The traditional way to watch a Netflix original series is to sit, unmoving on a couch while you binge the entire season in one sitting, but the streaming service is looking into a new method for making mobile viewing a better experience.

The Verge reports that Netflix is considering creating different cuts or versions of their original series using shots or techniques that are specially tailored to be watched on a smartphone or tablet.

“It’s not inconceivable that you could take a master [copy] and make a different cut for mobile,” Netflix chief product officer Neil Hunt explained at a Wednesday press briefing. Hunt says they haven’t done anything like this yet — everyone saw the same Stranger Things regardless if they watched it on a laptop or an iPhone — but he said the idea was “something we will explore over the next few years.”

Certain shots, like those that are dark or extremely detailed, can be hard to make out on a small phone screen, especially if the viewer is watching somewhere with crappy lighting conditions. Netflix, which knows which platform users are using to fire up an episode of House of Cards, could show mobile viewers a version of the episode that includes clearer scenes or a more immersive phone experience.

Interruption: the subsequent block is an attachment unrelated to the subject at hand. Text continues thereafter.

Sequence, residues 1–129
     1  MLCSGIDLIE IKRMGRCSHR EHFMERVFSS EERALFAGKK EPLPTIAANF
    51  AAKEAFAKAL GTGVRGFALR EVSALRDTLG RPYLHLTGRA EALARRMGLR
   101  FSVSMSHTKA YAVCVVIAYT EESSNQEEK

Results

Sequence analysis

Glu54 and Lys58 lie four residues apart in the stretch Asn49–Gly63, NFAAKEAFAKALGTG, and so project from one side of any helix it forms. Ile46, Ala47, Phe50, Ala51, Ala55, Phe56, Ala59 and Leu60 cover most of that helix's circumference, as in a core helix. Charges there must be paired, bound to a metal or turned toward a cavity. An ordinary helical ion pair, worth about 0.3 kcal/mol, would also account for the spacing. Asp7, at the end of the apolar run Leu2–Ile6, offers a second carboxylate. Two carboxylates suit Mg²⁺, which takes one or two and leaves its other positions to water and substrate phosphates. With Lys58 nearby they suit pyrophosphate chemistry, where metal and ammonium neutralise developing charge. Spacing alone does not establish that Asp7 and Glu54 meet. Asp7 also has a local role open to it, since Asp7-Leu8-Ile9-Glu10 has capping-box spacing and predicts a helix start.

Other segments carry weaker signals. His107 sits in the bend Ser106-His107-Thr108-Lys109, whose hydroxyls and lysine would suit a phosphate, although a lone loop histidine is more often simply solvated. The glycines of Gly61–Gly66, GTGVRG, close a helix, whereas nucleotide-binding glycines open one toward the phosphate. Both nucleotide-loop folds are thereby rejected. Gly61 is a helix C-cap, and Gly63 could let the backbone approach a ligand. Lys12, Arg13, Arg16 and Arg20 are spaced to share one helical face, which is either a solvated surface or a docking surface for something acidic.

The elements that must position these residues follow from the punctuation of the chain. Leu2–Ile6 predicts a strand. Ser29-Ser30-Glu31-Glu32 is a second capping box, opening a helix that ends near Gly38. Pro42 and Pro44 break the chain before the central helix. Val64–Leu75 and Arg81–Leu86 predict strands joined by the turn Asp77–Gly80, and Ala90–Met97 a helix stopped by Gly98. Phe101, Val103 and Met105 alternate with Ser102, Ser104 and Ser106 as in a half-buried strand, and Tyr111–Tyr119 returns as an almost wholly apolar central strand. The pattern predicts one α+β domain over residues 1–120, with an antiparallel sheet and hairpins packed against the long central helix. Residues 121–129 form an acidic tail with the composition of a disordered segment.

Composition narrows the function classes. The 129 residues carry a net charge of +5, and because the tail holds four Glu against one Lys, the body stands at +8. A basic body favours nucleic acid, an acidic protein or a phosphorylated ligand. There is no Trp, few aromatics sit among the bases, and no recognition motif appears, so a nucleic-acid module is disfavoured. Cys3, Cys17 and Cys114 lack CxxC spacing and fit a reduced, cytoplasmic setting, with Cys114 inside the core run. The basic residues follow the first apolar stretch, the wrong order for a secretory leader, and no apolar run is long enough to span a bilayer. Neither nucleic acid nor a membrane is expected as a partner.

A character from Netflix's 'House of Cards' uses a phone and nothing goes wrong.
A character from Netflix's 'House of Cards' uses a phone and nothing goes wrong.

Viewers in established Netflix markets, like the United States and Canada, still do most of their bingeing on a TV, but Hunt says the majority of users in many Asian countries, like India, are majority-mobile.

The idea is, at this point, still an idea, so don’t expect to see a specialized smartphone version of Iron Fist when you hit play on Episode 1 this weekend. It’s just something that Netflix is looking into as part of a long-term strategy.

Photos via Netflix

James Grebey is a writer, reporter, and fairly decent cartoonist living in Brooklyn. He's written for SPIN Magazine, BuzzFeed, MAD Magazine, and more. He thinks Double Stuf Oreos are bad and he's ready to die on this hill. James is the weeknights editor at Inverse because content doesn't sleep.